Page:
I recently received an amazing set of books from Hands-On-Prints. Stay tuned for my full review next week, but one of the books immediately became Big M’s favorite. Around the World from A to Z, by Christinia Cheung and Han Tran, is a beautifully illustrated alphabet book. Inspired by Montessori principles, each letter of the alphabet depicts an activity being performed in front of an iconic world landmark. The opposing page features a textured cursive letter that your child can trace for tactile reinforcement. While cursive handwriting is a key tenet of Montessori instruction, Big M is unfamiliar with them, and had a hard time making out what some of the letters were. She did, however, love tracing over the texture, so we decided to create our own Tactile Alphabet Cards. Be sure to grab your set of printable tactile alphabet cards at the end of this post!
DIY Tactile Alphabet Cards
The tactile experience of tracing sandpaper letters stimulates brain activity in young children. Tracing the textured letter with their finger helps cement the gesture necessary to form the letter internally. To make your own, you only need a few basic supplies.
Cost: Free – Less than $5
Prep-Time: Less than 15 minutes
Clean-Up Time: Less than 15 minutes
Grab your set of printable cards at the end of this post!
Making the Cards
I printed three sets of our DIY Tactile Alphabet Cards. I printed them on heavy cardstock, to withstand the glue, texture and ultimately, repeated use. You can use regular paper, but they won’t last as long. I cut up two of the sets, making one letter per card. The printable also includes some lined pages which I have left blank. You can use these to practice writing their name, sight words, or anything else you or your child may choose. I had the cards ready to go post-quiet time.
Collecting our Texture
Since we live down the street from the beach, we took a little adventure walk to collect our texture of choice: sand!
Adding the Texture
I set up two craft stations, one for me and one for Big M, with the bucket of sand in between us to share. We each had our stack of cards, a small cup of watered down Elmer’s glue, a paintbrush and a foil tray. I created a watered down glue mixture of 1 part water, 1 part glue in a small cup to make it easier to paint on to the letters, and it dries faster.
I showed Big M how to paint the glue onto the letter, then using a teaspoon, shake sand over the glue, and finally, shake off the excess sand to make each tactile letter card.
I decided to make a set too, since I wasn’t sure how many she would complete or how great hers would turn out. I was shocked when she completed the entire set, both upper case and lower case letters, and then wanted to do more!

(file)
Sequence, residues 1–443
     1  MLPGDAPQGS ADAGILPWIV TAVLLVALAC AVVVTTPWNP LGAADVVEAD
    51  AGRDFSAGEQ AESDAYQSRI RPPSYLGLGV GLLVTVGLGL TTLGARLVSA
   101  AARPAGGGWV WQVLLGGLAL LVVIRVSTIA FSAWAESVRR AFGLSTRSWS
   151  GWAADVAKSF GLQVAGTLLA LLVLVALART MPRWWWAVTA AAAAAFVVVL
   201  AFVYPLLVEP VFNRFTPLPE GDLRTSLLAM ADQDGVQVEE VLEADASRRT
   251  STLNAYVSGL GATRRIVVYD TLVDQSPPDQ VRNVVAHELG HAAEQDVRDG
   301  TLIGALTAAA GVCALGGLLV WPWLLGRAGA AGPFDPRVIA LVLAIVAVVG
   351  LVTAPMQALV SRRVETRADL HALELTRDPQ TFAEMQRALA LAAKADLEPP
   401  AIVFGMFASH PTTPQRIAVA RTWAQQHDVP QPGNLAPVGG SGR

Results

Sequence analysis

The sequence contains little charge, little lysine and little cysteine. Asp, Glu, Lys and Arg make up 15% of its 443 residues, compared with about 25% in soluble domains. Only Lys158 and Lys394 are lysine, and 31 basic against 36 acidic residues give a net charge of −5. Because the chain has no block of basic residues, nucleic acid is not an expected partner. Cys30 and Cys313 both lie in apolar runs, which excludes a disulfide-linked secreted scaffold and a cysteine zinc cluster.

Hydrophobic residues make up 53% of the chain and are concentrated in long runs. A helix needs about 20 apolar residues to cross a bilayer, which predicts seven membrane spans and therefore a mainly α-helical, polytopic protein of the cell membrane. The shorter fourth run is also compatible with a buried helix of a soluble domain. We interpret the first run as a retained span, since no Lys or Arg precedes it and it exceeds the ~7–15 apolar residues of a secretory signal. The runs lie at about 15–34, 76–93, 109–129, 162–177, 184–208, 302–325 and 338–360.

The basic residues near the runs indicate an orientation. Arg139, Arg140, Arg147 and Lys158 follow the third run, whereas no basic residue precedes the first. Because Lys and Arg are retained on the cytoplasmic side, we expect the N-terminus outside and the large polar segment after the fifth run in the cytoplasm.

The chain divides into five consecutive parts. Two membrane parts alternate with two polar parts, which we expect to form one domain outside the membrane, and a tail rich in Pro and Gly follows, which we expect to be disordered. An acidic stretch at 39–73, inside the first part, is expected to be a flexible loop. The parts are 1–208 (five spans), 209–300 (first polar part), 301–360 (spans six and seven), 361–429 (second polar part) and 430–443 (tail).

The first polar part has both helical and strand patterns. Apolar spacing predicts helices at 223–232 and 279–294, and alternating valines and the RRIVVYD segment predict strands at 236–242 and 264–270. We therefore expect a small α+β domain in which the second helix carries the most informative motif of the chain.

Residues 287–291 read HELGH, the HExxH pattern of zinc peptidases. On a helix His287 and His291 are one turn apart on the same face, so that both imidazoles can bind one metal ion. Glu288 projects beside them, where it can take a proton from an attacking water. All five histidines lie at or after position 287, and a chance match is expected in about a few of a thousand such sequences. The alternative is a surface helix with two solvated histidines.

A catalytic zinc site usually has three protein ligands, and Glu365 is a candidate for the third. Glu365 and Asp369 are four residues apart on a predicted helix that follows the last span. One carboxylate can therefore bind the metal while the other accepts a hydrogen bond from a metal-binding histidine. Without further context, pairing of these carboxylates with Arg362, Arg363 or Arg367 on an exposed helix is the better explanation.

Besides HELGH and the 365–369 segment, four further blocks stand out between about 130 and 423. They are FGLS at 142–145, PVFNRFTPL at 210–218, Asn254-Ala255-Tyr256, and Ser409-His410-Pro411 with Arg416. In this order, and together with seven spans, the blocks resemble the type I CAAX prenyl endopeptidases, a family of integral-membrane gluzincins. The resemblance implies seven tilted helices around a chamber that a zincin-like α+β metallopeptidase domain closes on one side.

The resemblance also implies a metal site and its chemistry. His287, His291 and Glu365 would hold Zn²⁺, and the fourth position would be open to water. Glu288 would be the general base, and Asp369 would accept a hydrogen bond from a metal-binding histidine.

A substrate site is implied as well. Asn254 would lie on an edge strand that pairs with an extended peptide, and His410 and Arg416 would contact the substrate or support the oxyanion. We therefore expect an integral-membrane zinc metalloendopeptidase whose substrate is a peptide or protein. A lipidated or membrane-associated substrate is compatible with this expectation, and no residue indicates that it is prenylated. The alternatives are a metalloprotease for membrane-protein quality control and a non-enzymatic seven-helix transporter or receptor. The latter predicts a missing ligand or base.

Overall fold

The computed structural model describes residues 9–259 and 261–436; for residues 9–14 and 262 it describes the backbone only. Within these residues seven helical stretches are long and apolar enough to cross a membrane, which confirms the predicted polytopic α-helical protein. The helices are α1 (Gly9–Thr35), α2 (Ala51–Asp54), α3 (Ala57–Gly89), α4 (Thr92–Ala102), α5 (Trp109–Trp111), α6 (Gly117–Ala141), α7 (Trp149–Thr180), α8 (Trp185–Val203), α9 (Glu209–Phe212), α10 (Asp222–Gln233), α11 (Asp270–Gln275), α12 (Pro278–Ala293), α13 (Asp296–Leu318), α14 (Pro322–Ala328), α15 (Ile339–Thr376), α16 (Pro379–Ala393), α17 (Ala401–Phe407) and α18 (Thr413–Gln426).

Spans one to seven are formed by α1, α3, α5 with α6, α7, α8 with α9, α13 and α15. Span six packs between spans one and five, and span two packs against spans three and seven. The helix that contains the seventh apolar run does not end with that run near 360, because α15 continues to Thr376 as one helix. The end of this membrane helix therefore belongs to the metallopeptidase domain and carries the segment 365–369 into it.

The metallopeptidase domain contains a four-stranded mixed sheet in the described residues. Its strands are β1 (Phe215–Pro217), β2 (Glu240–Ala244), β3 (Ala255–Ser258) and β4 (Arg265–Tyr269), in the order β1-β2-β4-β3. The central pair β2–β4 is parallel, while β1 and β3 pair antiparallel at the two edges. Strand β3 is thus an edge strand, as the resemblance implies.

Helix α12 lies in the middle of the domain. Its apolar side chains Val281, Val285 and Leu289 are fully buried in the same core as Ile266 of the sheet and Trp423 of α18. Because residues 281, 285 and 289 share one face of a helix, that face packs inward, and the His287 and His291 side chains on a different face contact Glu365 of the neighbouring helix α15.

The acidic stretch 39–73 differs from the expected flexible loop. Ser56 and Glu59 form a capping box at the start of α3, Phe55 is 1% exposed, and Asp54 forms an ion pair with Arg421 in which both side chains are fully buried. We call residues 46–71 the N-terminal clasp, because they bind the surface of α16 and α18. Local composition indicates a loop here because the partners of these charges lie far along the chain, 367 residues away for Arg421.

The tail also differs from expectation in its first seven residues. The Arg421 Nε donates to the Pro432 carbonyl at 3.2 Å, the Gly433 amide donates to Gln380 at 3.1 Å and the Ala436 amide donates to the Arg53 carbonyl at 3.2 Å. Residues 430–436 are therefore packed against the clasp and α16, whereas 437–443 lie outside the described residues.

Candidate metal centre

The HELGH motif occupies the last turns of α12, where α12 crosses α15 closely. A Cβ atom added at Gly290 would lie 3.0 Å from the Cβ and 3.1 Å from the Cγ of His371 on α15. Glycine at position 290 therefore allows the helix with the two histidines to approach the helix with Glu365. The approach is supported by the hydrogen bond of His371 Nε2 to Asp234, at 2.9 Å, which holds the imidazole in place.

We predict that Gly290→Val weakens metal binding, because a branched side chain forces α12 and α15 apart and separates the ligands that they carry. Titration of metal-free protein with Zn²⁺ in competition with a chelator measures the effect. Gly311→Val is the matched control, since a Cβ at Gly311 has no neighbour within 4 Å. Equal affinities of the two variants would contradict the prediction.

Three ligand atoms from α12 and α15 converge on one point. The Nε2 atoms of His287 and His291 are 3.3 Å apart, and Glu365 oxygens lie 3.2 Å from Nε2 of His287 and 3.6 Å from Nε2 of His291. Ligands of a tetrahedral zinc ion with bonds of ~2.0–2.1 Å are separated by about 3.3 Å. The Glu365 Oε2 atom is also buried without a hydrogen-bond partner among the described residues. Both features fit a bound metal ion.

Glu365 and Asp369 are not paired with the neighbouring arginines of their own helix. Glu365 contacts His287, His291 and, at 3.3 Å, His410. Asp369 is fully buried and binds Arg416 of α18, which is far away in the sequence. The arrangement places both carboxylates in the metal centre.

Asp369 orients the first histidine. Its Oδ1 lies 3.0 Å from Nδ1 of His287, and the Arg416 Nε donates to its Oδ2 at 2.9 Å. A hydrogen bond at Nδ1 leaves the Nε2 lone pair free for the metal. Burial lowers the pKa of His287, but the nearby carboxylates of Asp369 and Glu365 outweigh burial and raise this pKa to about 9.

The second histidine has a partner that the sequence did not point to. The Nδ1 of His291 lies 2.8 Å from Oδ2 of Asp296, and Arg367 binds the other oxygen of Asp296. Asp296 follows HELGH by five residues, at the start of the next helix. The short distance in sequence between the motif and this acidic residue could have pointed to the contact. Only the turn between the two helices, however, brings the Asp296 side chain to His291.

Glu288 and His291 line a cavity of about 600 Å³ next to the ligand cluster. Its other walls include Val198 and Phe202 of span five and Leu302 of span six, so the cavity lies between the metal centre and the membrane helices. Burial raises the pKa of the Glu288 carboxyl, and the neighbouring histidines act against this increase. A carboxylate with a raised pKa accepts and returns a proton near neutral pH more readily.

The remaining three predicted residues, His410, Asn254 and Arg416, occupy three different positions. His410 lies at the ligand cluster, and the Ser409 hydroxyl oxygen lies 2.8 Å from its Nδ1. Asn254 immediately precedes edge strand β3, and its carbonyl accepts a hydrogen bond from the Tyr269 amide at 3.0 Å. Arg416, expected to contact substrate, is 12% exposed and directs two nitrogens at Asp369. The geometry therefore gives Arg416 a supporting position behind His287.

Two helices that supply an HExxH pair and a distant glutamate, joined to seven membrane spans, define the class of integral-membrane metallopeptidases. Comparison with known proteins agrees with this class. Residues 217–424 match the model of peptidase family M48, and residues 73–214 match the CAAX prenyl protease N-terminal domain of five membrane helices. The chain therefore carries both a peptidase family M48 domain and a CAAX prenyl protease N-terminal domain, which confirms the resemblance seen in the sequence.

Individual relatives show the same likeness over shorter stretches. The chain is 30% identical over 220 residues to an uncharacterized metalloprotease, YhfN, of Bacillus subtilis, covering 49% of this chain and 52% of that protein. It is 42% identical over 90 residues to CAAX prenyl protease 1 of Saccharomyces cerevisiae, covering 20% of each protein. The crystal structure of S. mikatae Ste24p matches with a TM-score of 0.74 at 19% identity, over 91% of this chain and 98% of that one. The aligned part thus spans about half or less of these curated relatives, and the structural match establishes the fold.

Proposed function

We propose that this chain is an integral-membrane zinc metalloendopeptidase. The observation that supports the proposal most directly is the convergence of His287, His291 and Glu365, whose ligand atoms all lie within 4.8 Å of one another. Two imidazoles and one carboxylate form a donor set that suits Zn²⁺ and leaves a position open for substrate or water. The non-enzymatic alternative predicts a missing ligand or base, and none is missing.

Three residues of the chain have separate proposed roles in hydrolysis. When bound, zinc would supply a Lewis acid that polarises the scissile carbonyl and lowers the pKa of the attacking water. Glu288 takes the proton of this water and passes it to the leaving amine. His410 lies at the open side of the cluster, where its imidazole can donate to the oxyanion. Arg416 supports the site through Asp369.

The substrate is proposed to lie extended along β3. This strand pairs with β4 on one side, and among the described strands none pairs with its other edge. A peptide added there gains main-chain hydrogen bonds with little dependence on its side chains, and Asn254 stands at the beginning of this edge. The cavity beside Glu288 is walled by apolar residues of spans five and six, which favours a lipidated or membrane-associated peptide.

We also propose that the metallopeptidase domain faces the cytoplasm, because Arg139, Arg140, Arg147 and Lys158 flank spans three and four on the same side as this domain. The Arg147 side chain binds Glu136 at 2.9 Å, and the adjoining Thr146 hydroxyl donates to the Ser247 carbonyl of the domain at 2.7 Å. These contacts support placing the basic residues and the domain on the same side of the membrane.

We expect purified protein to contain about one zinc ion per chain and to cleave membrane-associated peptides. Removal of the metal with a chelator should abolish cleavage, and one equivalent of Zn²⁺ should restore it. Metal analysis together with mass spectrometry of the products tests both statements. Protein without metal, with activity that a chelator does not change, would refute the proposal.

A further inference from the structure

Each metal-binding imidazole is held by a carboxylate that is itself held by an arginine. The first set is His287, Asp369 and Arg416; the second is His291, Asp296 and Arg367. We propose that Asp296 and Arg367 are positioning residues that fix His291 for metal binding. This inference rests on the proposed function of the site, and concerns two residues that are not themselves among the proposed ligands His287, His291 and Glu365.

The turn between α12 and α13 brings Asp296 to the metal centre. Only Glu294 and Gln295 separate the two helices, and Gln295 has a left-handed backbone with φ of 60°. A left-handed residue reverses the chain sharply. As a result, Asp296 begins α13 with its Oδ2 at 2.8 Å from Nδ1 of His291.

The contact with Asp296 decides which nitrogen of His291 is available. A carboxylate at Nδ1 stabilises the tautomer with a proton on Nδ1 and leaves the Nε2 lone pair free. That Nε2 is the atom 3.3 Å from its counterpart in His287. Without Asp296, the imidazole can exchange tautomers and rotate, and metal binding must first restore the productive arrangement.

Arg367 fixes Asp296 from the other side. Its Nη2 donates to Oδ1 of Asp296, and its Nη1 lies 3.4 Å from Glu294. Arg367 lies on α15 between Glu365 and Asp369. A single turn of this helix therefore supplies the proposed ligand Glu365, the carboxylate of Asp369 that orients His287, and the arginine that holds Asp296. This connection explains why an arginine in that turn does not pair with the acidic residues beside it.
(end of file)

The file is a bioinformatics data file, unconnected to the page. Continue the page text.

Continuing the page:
The hardest part for her was actually shaking the sand – my anti-mess maker, she struggled to shake it enough to get it off the spoon but not so hard it went outside the tray. She kept saying, “It’s harder than it looks, Mama!”, one of my favorite quotes from her these days!
Putting the Cards to Work
I let the cards dry, then gathered them for storage in a gallon-sized Ziploc. While we shook off the excess sand, a little continues to fall off, so the bag is good to keep them from leaving trickles of sand everywhere. We took them outside the next day on a beautiful morning, to put them into practice.
Have your child trace the textured letter with their finger, then recreate it in a tray of sand.
Use Your Tactile Alphabet Cards Printable in Multiple Ways!
I didn’t even know Crayola made these, until I saw them at Staples last week. They are great – washable, and they don’t have the nasty fumes most dry erase markers do. Now, Big M can practice her letter formation at her leisure whenever she likes.
Download Your Printable Tactile Alphabet Cards
Ready to make a set of your own? Add them to your cart below, then complete the checkout process (no charge) to instantly download and print your own set. Please note, this is a virtual product for download only. No cards will be mailed to you.
With these DIY Tactile Alphabet Cards, Big M experienced letter formation in a multitude of ways: first, making the cards, she painted over the letter shapes with glue. Then, in using the cards, she traced the textured letters with her finger and re-created the shapes in a sand tray. And finally, I printed off an extra set that she can use to practice letter formation at her leisure.
If you enjoyed this post, you might like our DIY ABC Bottle, including 8 ways to use it for letter recognition and early literacy. Be sure to also check out our latest eBook, ABCs and 123s, featuring 40+ hands on, play-based learning activities featuring letters and numbers for your preschooler!